Why Apple Should Put Apple Music on Amazon Echo
When it comes to music and video, old notions of intra-corporate competition are as meaningless today as they were when Apple introduced the iTunes Music Store back in the day. Then, as now, the company got it right when its then CEO, Steve Jobs, said the competition for the then-nascent service wasn’t the likes of Microsoft or Rio, but free.
That’s still true today
You see, while the file-sharing police appear to have got their way, savaging important concepts around Internet privacy, online freedom, and net neutrality while they did so, and building the basic permissions for the overweening surveillance capitalism the Internet has become today, they haven’t prevailed when it comes to music and movies.
That’s why it makes no sense for the big media firms to continue to do battle on the principle of service hegemony. The market has grown, but their true competition is the same today as it was then: free.
With this in mind news that Amazon would like to support Apple Music on its Echo smart speakers is something Apple should think about agreeing too. After all, you can already get Apple Music on Android, so why not make it available via Amazon, for a fee?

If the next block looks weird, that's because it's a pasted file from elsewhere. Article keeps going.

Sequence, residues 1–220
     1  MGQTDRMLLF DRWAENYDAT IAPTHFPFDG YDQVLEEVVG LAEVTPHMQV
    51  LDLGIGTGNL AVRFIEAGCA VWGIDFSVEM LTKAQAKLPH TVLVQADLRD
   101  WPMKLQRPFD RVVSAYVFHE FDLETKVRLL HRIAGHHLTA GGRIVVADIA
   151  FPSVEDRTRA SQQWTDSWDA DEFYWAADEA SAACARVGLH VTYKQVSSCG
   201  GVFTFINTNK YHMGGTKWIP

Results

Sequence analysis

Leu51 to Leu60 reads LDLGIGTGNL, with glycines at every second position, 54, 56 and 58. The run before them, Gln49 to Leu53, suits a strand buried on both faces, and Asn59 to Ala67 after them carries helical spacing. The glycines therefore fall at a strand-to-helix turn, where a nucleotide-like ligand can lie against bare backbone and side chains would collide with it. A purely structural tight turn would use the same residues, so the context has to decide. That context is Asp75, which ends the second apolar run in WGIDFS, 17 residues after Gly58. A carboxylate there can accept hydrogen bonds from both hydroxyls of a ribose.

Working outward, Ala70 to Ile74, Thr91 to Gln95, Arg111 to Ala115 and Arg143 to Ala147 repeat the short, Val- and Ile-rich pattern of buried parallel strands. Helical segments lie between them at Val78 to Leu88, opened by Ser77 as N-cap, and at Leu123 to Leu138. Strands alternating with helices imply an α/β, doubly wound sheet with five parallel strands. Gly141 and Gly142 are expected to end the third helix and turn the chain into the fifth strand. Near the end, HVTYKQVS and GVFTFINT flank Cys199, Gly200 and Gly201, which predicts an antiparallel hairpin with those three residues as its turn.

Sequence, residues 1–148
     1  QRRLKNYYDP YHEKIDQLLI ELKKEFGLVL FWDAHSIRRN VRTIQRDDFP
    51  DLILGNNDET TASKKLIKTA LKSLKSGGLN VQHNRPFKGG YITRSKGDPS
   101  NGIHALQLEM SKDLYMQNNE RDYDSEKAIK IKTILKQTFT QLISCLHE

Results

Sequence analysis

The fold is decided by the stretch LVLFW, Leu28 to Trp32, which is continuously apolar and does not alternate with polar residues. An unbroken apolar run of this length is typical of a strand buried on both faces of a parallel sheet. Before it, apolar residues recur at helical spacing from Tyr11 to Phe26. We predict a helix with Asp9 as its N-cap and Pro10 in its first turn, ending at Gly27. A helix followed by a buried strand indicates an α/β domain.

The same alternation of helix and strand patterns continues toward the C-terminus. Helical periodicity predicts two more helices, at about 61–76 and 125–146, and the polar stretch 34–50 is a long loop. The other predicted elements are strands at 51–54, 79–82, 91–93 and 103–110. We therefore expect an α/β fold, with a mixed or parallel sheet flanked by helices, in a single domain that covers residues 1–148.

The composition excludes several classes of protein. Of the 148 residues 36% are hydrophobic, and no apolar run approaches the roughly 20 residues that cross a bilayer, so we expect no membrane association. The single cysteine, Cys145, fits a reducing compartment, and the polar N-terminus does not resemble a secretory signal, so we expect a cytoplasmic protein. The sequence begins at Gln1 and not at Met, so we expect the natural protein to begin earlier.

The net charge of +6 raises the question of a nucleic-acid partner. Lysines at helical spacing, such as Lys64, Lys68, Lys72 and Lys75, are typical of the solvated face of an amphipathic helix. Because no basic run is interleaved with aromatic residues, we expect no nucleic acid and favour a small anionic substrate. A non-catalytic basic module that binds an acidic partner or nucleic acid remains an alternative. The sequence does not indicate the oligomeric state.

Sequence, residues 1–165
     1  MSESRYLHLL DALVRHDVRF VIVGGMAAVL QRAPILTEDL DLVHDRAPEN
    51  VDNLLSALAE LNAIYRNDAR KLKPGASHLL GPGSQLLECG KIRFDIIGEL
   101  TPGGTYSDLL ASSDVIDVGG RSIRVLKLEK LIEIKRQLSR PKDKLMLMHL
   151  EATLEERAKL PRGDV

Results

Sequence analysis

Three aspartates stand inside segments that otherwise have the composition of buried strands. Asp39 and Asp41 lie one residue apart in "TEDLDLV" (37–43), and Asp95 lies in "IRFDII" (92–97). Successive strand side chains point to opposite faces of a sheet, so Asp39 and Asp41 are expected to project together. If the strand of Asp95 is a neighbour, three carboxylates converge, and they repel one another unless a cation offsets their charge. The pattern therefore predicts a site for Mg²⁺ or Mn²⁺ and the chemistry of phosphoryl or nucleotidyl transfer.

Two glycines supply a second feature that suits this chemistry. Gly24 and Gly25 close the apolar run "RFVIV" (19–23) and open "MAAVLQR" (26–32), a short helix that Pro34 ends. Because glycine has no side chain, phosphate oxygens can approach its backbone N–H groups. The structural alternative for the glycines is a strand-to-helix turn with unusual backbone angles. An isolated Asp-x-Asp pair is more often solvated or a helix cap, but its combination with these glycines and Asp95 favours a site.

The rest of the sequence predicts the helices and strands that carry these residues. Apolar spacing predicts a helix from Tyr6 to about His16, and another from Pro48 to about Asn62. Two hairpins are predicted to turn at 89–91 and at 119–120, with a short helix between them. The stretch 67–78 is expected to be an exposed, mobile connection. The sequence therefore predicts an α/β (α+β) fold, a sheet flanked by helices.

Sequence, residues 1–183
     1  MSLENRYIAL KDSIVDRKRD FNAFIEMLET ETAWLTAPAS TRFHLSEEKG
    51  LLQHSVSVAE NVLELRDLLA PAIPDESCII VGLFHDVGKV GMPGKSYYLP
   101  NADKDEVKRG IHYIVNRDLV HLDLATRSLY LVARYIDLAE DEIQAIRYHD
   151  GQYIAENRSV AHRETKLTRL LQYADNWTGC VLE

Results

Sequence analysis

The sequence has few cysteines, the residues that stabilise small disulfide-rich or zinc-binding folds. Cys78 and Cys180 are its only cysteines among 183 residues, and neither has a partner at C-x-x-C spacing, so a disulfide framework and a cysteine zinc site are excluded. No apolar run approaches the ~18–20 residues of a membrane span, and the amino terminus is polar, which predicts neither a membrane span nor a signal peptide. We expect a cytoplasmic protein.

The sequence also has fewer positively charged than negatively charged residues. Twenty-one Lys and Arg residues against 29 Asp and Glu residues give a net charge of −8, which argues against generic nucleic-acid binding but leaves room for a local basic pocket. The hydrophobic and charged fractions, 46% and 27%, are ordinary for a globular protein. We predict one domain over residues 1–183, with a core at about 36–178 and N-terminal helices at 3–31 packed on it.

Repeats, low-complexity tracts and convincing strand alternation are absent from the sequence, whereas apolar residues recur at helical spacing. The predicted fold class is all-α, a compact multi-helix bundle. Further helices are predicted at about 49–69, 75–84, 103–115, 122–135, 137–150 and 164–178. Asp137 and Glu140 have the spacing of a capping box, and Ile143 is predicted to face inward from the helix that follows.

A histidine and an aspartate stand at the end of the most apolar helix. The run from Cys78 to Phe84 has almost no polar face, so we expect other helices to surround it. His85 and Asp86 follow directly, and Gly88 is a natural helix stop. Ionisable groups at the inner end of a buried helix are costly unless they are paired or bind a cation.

The two firms could cut a deal around Amazon Prime on the basis of that discussion. Perhaps they already did?
This kind of available everywhere model did Apple no harm when it began selling iPods to Windows users on the back of the success of the iTunes Music Store, and I don’t think it would damage the company today. Given the growing importance of its services model, it even makes sense to offer up Apple Music across all available connected systems. If it’s good enough for Spotify…
It worked for iPods
I don’t think Apple needs to be slavishly addicted to using Apple Music as a way with which to distinguish its hardware products against the competition. Apple doesn’t think that way anyway — it already offers the service through Android…
And while I don’t truly believe the rift between Amazon and Apple has much reason to heal, both firms find themselves in competition with that other A, holy Alphabet.
But it’s Apple that has the power to deliver the best integrated connected platform — and no matter which platforms its music streaming service may be made available on, I can’t help but think that (just like the iPod) those music lovers who choose to use Apple Music will still be more likely to use the Apple system, rather than someone else’s.
If you forbid them from being able to do so, I think we’ll be looking at customers choosing to use both, at which point you are tacitly encouraging them to think about the cost of doing so, which may even drive some loyalists too choose to use the cheaper and more inferior service.
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